and Education Committee: Community Board 8
are needed for Junior Achievement, a decades-old organization
that teaches K-12 youngsters the values of the free enterprise
system. Speaking to the Youth and Education Committee of Community
Board 8 at its March meeting, manager Alex Vasquez explained that
Junior Achievement brings to schools and non-profit community
organizations an activity-filled curriculum that introduces business
and economic principles. Materials such as workbooks, posters
and teaching guides are provided, and volunteers are trained and
given on-going support. Grades K-6 focus on themes such as “Ourselves,”
“Our City,” “Our Nation,” and “Our World.” Middle school programs
directly emphasize economics and business, including “The Economics
of Staying in School,” and “Exploring Math in Business.” High
school programs show how trade connects peoples and cultures around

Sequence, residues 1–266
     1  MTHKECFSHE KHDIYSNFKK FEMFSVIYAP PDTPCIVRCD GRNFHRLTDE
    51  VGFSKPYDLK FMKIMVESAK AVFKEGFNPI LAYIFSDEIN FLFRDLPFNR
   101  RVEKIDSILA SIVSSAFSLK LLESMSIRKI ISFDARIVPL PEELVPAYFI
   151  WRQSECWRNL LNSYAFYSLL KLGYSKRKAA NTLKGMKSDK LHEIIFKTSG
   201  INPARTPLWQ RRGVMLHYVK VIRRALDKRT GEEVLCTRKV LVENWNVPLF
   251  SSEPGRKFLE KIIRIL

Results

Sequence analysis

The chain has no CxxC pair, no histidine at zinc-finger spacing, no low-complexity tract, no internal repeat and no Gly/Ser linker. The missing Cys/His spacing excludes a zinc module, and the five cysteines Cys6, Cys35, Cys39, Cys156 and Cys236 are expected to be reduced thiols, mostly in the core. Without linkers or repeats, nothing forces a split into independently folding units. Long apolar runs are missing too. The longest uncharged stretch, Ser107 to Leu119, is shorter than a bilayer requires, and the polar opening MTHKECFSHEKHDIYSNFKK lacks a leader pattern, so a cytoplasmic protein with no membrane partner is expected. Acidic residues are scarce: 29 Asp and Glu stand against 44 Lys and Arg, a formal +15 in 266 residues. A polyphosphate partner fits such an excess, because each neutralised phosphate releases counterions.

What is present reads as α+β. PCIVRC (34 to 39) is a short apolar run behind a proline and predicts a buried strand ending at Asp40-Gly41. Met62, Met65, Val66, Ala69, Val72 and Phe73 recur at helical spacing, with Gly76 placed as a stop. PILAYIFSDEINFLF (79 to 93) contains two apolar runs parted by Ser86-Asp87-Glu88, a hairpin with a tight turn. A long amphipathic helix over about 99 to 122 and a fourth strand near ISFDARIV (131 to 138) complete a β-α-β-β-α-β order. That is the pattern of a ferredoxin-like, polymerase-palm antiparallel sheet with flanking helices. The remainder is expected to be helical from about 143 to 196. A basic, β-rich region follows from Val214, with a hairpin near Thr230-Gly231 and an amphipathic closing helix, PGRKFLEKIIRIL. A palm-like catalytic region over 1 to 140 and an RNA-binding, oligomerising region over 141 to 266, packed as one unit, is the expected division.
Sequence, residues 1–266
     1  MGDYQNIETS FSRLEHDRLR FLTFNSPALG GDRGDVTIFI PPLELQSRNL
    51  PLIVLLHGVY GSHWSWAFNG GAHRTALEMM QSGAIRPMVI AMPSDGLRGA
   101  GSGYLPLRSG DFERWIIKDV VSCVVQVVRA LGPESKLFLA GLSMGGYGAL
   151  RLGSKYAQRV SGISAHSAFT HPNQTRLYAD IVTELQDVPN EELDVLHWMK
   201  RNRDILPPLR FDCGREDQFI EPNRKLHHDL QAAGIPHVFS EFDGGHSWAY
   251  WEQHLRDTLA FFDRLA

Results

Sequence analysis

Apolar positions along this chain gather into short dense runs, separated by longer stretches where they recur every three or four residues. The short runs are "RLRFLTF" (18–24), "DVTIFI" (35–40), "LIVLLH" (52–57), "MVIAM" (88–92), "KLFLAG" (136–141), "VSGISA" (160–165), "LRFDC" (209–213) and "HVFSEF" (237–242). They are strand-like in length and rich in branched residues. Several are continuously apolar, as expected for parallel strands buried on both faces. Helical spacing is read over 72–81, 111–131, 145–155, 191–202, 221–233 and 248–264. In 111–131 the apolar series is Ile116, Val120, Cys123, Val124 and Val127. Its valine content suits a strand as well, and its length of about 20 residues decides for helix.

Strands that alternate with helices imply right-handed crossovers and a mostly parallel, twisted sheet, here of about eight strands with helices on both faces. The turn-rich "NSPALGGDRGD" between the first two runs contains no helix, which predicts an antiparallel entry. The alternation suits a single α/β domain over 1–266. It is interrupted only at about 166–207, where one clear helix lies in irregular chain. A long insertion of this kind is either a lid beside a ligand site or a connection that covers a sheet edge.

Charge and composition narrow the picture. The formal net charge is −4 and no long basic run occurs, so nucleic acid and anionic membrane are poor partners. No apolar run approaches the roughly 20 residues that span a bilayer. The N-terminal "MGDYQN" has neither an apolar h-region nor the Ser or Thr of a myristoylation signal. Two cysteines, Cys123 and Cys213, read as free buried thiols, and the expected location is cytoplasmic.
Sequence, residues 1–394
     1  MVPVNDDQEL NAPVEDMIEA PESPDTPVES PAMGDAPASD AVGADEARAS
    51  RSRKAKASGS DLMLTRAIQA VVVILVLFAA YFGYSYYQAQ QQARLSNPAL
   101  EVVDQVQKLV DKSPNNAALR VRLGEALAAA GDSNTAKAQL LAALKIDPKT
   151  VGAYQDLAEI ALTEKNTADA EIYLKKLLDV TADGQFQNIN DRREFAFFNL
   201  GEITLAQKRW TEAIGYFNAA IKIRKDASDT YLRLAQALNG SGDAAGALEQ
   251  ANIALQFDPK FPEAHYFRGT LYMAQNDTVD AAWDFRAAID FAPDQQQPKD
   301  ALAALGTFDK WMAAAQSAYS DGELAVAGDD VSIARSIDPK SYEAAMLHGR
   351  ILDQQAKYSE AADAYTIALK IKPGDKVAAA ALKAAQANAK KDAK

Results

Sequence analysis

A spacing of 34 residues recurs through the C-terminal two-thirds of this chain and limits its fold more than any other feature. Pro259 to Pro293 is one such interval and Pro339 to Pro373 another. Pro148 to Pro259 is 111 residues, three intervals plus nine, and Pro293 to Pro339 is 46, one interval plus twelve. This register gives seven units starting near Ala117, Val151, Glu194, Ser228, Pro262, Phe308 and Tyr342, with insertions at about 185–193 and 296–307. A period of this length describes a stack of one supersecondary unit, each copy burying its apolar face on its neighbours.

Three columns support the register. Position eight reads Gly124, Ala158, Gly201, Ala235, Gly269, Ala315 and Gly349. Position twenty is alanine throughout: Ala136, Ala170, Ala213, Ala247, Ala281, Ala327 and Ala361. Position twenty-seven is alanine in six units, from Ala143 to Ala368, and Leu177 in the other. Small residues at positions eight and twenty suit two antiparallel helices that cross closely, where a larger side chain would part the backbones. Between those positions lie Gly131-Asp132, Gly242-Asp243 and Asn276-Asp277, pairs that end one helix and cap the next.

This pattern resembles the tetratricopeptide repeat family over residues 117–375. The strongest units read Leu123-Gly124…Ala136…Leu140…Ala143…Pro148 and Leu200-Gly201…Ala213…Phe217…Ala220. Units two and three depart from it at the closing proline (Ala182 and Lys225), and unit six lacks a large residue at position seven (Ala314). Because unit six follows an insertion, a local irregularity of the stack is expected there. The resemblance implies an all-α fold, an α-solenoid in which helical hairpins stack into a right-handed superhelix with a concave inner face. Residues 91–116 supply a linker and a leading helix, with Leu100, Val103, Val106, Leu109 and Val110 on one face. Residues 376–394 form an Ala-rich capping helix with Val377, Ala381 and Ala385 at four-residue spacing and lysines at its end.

the world. Students learn leadership and success skills and, if
they choose, may run a student company that makes, markets and
receives profits from a product. They may also operate highly
technical companies in computer-based simulations through JA TITAN.
Junior Achievement now functions in over 300 schools and 40 community
organizations in the five boroughs, during school hours, after
school and in the summer. Those interested in joining its participant
base or volunteer crew should contact Alex Vasquez at 212-907-0027.
first task force meeting regarding an academically strong Upper
East Side high school was not encouraging. The commitment of a
site (Life Sciences High School on E. 96th Street)
made by the Board of Education at a large community forum in January
seems to be wavering. And parents in The Partnership for an Upper
East Side High School are questioning the feasibility of meshing
the proposed academically rigorous high school with the current
Life Sciences High, a Gateway Program school for “kids at risk.”
Partnership parents would prefer a shifting of schools and students
between Life Sciences and Julia Richmond, a building they covet,
to better utilize space and provide the number of seats and type
of academic program they seek.
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